Fellow student Will Patz, aged 23, who is taking an MSc in sport coaching, wants to become a lecturer. "It projected me into that career path," he says. "It was the networking, meeting people and socialising with them. It builds people's confidence."
Worcester started off as a teacher training institution and won full university status seven years ago. Its strengths still lie in training teachers and offering courses in nursing and midwifery. Much of these courses centre around training in the job. Overall, it has around 10,000 students and three-quarters are female (as a result of the concentration on teaching, nursing and midwifery). It has a slightly older age profile than many universities, with 70 per cent of its students being mature on entry – ie over 21.
The university is anxious to dispel the myth that a concentration on work-related learning puts students studying for creative and drama degrees at a disadvantage. "A lot of students study creative and digital media," says Professor Green, "and go off and do a placement in a firm." It is also pioneering a new postgraduate internship scheme whereby students spend four days a week at work and one in college.
Ruth Johnson, who is studying for a postgraduate qualification in applied management, is working as a sustainability officer with Worcester City Council. During that time, she also works with Transition, a community group dedicated to reducing carbon emissions. David Thorpe, who is her boss at Worcester City Council, thinks the decision to employ her has proved invaluable. "If we hadn't, when it came to issues like sustainability, it would have been allocated to an existing officer, who maybe could have given it 15 minutes of their time," he says.
Those who question whether – at a time of austerity in public spending – the council should pay to take on a student for four days a week, have their answer in the recommendations Ruth makes: often, simple things, such as ensuring all the lights are switched off after work, can end up saving the council money.
Worcester also invests time in its relations with its student union. At a time when there is growing hostility between some university vice-chancellors and their students as a result of the fees issue, it is refreshing to hear Michael Collins, the students' union president, sounding like an ambassador for the university himself. "I love the University of Worcester to bits," he says. "It is in my heart. In higher education, just having a degree is not the passport to jobs that it was any more because the jobs market is saturated with graduates. Students have to come up with as many avenues as possible for students to become more employable. The intern scheme is very good because it concentrates on earn-while-you-learn."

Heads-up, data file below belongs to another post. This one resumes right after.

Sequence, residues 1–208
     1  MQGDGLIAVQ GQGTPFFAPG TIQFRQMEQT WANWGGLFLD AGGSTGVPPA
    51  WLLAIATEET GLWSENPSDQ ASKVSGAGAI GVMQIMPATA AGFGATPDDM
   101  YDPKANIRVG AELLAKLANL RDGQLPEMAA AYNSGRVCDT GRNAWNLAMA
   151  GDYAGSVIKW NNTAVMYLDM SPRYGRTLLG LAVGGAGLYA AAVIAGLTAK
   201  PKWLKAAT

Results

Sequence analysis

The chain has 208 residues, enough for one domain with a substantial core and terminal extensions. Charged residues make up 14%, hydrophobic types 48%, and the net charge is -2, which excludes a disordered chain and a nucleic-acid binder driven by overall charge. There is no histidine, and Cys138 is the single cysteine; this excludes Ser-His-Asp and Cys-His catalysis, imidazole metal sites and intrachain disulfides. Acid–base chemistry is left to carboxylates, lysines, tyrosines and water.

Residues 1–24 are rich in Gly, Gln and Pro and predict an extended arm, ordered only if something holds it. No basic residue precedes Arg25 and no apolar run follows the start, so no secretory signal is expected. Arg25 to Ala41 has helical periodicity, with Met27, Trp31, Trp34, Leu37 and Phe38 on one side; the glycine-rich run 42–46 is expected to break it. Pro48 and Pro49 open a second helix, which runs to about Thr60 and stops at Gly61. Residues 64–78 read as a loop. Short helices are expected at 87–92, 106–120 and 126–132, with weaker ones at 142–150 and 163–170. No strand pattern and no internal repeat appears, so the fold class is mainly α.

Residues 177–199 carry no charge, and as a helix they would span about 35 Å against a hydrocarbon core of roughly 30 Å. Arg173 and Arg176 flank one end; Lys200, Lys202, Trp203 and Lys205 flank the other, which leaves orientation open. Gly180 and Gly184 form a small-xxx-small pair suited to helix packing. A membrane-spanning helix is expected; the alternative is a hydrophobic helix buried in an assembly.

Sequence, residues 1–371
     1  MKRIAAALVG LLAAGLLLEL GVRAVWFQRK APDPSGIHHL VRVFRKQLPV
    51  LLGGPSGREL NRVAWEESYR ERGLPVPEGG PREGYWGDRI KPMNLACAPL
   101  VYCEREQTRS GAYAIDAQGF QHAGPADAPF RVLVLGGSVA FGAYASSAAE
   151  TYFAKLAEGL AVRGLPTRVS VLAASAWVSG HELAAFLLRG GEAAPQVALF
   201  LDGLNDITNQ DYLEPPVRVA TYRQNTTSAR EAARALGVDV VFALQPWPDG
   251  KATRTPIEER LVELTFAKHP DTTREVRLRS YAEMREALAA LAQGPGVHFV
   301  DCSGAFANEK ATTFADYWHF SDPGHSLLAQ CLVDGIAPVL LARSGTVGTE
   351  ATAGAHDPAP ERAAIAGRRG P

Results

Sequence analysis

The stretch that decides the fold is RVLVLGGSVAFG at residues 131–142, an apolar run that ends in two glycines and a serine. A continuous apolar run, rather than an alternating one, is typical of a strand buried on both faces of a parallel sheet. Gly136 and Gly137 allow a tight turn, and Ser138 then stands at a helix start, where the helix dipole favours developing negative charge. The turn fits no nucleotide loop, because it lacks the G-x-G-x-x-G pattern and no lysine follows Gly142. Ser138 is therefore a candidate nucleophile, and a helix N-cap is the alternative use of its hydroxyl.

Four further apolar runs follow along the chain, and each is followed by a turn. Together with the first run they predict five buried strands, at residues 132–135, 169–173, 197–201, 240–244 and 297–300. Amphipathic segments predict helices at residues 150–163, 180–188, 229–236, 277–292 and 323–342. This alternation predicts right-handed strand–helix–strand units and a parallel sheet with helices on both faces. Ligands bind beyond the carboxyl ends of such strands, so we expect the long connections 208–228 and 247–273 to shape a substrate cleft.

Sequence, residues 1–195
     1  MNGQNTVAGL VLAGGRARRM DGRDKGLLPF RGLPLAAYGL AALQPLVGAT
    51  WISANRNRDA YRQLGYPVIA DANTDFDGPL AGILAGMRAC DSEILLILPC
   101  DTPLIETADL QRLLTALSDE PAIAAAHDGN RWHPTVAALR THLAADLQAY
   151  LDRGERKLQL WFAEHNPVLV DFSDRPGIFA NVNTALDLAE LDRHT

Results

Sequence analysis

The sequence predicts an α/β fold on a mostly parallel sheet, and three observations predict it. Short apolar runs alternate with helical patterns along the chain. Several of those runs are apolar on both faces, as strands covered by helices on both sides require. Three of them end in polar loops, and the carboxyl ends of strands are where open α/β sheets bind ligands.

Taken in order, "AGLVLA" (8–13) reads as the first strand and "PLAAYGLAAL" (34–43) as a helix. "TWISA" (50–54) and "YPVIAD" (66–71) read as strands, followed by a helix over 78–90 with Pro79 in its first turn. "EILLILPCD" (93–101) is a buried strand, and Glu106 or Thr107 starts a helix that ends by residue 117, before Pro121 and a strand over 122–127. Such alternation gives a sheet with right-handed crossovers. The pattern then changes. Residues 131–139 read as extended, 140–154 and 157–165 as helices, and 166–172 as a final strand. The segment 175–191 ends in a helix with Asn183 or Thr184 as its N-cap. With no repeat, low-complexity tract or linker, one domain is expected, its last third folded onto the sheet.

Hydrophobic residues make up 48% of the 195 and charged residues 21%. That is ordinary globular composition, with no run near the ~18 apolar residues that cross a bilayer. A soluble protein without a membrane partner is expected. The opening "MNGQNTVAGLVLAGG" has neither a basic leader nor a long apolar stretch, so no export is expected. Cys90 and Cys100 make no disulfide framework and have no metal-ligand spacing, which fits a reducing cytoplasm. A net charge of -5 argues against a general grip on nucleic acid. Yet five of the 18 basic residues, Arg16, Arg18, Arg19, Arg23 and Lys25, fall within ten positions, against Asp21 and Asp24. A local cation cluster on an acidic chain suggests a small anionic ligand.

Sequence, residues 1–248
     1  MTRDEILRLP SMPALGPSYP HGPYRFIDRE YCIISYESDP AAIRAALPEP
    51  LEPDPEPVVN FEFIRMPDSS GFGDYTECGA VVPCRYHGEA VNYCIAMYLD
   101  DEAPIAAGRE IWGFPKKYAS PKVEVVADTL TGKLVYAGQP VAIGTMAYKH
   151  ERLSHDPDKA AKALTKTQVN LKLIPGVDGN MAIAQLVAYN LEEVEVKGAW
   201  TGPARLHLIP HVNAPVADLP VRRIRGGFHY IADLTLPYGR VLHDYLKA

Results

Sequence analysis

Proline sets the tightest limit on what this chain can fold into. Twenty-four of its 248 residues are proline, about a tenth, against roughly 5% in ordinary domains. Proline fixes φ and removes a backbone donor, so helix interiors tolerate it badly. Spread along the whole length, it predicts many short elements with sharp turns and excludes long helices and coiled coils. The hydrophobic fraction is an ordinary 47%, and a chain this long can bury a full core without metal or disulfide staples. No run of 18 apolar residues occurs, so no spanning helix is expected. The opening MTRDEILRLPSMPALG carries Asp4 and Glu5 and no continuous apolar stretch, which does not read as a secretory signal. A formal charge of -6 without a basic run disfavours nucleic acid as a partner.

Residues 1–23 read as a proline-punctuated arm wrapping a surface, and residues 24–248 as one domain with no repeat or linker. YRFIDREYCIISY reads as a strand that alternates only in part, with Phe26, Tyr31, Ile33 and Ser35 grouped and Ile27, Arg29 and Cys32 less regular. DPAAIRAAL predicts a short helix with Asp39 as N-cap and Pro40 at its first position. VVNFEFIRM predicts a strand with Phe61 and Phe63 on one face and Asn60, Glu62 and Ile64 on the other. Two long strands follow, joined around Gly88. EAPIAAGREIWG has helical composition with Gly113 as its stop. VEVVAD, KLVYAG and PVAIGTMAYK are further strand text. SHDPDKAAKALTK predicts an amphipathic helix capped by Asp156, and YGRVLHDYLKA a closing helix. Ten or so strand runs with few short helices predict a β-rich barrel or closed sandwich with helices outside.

What Worcester is doing today, many other universities will be copying in the future. Professor Green has no doubt about that. "I think more people will become concerned about the employability and job prospects for their graduates so I think that will happen," he says.
Learn while you earn
They earn up to £7.37 an hour conducting campus tours, helping international students settle in and acting as hosts at functions.
Disability and Dyslexia Service
Students can earn £7.21 an hour providing support such as note-taking in lectures and helping students access material in the library or scribing and reading questions in exams.
Think Smart Ambassador
Students take part in a 10-week drive to improve the motivation and confidence of 13- and 14-year-olds in schools about going to university. The pay is £7.37p an hour.
They work alongside teachers in local schools as mentors to pupils. They receive a bursary of £600 if they complete 15 days in a state school.
Paid work placements
Students have the chance to work for a firm of their choice. Around 70 per cent of placements get a job with the company they are placed with.
They have the opportunity to earn money through coaching sessions with local children's clubs. Activities can include refereeing and delivering sports science workshops in schools.